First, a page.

For Preteens and Teens: Vaccine protection for pertussis, tetanus, and diphtheria can decrease with time. Preteens going to the doctor for their regular check-up at age 11 or 12 years should get a booster vaccine, called Tdap. Teens and young adults who didn’t get a booster of Tdap as a preteen should get one dose when they visit their health care provider.

For Pregnant Women: Pregnant women who have not been previously vaccinated with Tdap should get one dose of Tdap during the third trimester or late second trimester – or immediately postpartum, before leaving the hospital or birthing center. By getting Tdap during pregnancy, maternal pertussis antibodies transfer to the newborn, likely providing protection against pertussis in early life, before the baby starts getting DTaP vaccines. Tdap will also protect the mother at time of delivery, making her less likely to transmit pertussis to her infant.

For Adults: Adults 19 years of age and older who didn’t get Tdap as a preteen or teen should get one dose of Tdap. Getting vaccinated with Tdap at least two weeks before coming into close contact with an infant is especially important for families with and caregivers of new infants.

The easiest thing for adults to do is to get Tdap instead of their next regular tetanus booster—the Td shot that is recommended for adults every 10 years. The dose of Tdap can be given earlier than the 10-year mark, so it’s a good idea for adults to talk to a health care provider about what’s best for their specific situation.

More About Vaccination Safety for Children

childrenDespite government and personal physician reassurances on vaccination safety there are parents still parents who are reluctant to get their children vaccinated.

Here are some frequently asked parent questions about vaccination safety and the answers from the NYC Dept of Health and Mental Hygiene.

Why should I get my children immunized? I thought no one gets these diseases anymore.

• Many childhood diseases are no longer common because of vaccines. But the germs that cause most of these diseases are still around. Between 2008 and 2011, about 700 New Yorkers each year got sick from vaccine-preventable diseases.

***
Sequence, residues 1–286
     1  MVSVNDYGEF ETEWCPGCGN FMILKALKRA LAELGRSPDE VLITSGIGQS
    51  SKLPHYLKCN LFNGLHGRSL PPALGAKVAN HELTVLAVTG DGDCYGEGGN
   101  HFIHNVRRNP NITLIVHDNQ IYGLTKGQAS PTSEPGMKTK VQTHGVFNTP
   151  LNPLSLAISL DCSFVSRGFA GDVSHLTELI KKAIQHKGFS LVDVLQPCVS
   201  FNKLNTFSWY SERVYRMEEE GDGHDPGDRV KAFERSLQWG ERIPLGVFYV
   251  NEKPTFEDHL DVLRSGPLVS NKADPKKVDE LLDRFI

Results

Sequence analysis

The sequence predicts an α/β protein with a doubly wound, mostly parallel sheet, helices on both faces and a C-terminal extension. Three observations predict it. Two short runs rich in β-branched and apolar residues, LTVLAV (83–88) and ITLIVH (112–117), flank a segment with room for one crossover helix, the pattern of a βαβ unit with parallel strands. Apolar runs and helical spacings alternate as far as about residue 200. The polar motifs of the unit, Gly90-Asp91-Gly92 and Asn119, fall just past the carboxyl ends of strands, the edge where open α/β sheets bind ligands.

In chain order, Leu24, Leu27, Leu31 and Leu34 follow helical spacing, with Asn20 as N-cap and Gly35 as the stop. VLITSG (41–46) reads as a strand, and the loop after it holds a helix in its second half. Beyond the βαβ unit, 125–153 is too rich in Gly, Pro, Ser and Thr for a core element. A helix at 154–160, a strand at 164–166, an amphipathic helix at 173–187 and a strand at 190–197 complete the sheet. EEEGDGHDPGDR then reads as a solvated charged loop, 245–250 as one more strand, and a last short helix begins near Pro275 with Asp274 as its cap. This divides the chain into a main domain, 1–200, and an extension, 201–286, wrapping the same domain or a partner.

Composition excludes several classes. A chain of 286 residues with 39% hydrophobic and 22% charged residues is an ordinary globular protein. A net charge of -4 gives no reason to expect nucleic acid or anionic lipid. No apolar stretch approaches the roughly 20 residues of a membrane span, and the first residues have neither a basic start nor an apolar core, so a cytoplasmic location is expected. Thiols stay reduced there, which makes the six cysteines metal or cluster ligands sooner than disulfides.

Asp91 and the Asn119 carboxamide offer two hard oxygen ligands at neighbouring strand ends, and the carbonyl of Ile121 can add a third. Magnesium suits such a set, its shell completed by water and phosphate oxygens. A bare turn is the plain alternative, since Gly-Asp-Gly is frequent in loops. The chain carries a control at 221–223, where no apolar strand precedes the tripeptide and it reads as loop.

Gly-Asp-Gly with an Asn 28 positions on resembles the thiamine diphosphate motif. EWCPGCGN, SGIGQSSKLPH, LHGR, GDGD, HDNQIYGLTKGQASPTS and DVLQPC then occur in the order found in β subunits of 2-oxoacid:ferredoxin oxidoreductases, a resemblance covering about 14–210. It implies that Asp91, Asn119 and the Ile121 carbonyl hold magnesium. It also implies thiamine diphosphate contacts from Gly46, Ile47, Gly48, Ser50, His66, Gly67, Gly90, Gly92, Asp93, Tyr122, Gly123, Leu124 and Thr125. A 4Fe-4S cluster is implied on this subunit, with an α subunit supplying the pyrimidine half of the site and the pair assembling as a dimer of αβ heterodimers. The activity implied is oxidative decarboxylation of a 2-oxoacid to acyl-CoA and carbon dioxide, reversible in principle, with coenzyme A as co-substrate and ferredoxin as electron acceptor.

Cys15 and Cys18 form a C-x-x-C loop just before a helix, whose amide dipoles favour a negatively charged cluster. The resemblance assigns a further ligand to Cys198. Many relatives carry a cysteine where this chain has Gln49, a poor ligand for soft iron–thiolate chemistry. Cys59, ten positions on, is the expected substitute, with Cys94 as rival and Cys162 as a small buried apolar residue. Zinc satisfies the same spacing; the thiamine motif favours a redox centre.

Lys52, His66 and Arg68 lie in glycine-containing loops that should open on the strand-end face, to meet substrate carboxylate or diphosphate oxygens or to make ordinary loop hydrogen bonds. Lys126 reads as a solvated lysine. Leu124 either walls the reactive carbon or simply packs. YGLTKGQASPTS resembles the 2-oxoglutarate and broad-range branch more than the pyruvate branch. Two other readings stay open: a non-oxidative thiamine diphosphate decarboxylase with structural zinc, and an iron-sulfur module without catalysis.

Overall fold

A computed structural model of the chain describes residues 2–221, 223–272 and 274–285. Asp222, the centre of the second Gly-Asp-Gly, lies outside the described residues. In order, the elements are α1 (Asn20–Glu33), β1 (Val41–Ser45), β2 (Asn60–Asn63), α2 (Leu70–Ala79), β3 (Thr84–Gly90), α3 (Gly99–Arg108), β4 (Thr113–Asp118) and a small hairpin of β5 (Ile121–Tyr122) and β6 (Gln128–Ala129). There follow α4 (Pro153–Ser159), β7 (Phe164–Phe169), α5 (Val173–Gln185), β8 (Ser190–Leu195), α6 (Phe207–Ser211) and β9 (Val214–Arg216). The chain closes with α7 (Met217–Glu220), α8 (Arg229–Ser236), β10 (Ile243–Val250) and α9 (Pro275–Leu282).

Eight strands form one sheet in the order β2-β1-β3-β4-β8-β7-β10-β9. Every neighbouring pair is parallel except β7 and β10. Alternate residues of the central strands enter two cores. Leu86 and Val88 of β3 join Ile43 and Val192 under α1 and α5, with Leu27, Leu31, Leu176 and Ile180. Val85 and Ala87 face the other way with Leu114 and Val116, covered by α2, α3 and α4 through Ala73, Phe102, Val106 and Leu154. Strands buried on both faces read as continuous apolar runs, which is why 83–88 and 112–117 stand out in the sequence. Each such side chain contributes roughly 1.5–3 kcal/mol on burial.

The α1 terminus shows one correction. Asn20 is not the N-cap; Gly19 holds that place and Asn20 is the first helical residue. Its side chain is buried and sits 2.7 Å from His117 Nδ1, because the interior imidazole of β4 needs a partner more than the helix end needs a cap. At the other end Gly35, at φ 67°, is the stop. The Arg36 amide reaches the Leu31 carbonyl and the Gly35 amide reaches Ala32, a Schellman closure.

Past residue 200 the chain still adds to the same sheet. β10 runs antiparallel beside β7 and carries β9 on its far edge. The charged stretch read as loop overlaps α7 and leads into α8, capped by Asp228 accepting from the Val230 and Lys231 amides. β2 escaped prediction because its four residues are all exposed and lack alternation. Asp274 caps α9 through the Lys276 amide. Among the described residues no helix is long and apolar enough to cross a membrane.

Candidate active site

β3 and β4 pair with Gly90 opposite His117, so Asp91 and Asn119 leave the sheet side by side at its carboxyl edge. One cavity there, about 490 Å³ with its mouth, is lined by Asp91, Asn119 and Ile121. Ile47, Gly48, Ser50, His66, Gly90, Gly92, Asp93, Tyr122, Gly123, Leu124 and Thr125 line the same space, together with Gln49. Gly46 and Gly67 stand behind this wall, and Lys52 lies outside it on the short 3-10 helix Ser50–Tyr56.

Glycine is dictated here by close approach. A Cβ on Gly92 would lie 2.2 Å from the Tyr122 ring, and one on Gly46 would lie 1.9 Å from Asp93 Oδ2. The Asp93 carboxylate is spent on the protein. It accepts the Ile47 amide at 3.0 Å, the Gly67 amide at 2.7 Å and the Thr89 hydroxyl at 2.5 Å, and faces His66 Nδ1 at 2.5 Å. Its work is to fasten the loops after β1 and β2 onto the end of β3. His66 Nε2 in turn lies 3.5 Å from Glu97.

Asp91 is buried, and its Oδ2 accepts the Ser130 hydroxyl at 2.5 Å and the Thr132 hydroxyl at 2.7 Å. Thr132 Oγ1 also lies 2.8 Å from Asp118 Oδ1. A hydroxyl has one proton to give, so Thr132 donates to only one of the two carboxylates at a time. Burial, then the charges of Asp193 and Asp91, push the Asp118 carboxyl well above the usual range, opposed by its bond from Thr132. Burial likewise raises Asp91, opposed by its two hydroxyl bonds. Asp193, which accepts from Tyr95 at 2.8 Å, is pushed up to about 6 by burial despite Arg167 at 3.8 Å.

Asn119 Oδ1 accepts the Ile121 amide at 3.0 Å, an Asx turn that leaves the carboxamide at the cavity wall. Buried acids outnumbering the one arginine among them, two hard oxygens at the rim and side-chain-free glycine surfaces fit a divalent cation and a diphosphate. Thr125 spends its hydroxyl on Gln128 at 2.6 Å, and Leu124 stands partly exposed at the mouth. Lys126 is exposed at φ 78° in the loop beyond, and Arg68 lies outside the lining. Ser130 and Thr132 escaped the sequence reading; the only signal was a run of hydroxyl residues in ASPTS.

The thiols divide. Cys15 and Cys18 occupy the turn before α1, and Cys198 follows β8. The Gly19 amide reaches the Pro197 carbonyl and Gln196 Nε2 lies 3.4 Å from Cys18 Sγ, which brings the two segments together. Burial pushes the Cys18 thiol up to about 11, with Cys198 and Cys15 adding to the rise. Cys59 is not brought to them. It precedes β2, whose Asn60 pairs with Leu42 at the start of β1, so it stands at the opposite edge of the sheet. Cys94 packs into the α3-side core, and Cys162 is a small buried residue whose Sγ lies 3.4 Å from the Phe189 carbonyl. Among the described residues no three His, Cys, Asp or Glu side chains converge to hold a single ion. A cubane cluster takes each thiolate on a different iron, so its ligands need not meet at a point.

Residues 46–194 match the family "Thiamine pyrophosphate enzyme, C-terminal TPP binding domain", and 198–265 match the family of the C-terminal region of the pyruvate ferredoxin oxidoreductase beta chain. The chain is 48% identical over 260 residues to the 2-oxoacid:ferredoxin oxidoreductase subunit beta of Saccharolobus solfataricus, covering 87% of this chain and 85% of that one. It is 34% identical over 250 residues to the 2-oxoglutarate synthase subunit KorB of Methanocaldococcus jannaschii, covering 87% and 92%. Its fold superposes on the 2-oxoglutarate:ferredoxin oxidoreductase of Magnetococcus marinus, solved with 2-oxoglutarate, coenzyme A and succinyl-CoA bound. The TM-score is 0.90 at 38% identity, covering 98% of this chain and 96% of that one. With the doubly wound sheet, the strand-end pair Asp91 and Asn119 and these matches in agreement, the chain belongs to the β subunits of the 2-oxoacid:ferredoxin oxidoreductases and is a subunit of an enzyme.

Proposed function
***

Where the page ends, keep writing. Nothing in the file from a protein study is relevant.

• When vaccination rates are low, these diseases can come back and spread quickly.
• In Europe, a measles outbreak spread through 30 countries in 2011, with more than 26,000 people infected. The outbreak was mainly due to low immunization rates.
• In 2011, almost 225 people contracted measles in the U.S., with 25 in New York City alone, mostly children and adults who had not been vaccinated.

Is it okay for my children to get so many vaccines at once?

• Yes. Children are exposed to thousands of germs every day. The killed or weakened germs in vaccines are very few compared to the millions of germs children fight off each day.

• Talk to your child’s doctor about combination vaccines, which protect against more than one disease with a single shot. They can reduce the number of shots and office visits your child will need.

I’ve heard it’s safer to skip some vaccines or wait to get my children vaccinated. Is this true?

No. If you skip some vaccines or wait to get your child vaccinated, you put your child at risk. Your child could get very sick or even die from a serious disease that could have been prevented.
• Children should get the recommended vaccinations at the right age and on time.

For More Information About Vaccinations for Children: American Academy of Pediatrics: aap.org,Vaccine Education Center at the Children’s Hospital of Philadelphia: vaccines.chop.edu, Parents of Kids with Infectious Diseases: pkids.org, Immunization Action Coalition: immunize.org, Every Child By Two: ecbt.org